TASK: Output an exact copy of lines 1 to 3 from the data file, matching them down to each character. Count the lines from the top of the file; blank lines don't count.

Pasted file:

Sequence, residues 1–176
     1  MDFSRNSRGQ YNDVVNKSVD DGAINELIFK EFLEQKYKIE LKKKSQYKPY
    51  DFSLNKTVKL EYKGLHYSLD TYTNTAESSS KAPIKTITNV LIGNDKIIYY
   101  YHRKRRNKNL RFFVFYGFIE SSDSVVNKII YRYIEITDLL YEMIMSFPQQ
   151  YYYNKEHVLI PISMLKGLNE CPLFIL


Sequence, residues 1–176
     1  MDFSRNSRGQ YNDVVNKSVD DGAINELIFK EFLEQKYKIE LKKKSQYKPY
    51  DFSLNKTVKL EYKGLHYSLD TYTNTAESSS KAPIKTITNV LIGNDKIIYY